The film offers an interesting mingling of poetry and the visual narrative of its choice. Unlike most short films inspired by such a piece of writing, which bring in a voiceover with corresponding visuals, Boiler adopts a refreshingly different approach. Using words written by Bob Holman, the film conjures a world of its own - one marked by unease, deep discomfort, graphic visuals and a devotion to storytelling. Read Less
The story opens on a note which deceives the viewer about the direction in which its events are headed. The scene is about a couple driving on an empty highway, a potentially romantic set-up at first glance. However, this deception soon gives itself away as a sense of discomfort, elemental to the rest of the narrative, enters the picture.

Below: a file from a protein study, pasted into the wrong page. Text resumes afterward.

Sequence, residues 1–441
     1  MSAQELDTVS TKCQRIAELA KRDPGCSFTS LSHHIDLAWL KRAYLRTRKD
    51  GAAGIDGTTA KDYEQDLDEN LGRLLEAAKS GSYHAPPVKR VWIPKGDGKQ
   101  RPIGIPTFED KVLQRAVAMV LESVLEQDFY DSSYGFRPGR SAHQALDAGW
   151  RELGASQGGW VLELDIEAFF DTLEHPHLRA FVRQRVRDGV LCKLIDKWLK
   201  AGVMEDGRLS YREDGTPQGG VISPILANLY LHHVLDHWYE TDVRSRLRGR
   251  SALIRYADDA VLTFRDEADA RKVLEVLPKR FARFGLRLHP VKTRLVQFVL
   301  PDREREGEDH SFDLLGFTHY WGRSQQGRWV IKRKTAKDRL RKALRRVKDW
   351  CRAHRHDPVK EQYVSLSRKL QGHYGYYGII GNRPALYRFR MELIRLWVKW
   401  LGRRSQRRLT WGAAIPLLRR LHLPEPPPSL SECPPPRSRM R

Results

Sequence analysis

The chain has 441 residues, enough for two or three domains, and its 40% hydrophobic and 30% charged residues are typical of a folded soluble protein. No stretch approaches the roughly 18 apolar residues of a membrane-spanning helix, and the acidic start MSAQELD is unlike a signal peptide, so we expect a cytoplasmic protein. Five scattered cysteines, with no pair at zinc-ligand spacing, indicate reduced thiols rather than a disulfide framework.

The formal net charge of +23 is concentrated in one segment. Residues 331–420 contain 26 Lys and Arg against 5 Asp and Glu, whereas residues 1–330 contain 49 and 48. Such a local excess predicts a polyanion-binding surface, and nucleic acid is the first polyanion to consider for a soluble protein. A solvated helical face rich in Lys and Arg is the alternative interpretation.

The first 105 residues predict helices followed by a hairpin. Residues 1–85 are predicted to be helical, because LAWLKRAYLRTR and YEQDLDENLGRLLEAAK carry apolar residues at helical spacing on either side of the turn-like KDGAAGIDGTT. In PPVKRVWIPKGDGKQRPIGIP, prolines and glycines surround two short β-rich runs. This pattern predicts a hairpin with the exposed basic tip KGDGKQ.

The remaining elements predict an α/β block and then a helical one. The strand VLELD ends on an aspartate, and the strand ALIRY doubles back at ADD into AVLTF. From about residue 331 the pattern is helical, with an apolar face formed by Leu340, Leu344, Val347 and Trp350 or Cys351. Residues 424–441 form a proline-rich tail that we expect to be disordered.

The film is marked by its minimalist, theatrical setting, akin to a drama unfolding on stage. The smart use of camera enables it to produce the desired effect, a deep disgust in the viewer, which, in turn, succeeds at making them part of the agitation and anxieties of the young woman and man themselves. The dialogues follow a rhythm which produce the clipped effect of staccato poetry, allowing the experimental film, despite all its abstraction, to communicate to the viewer an experience that is very relatable and mundane - visiting families during the holidays and the underlying tension that accompanies this situation.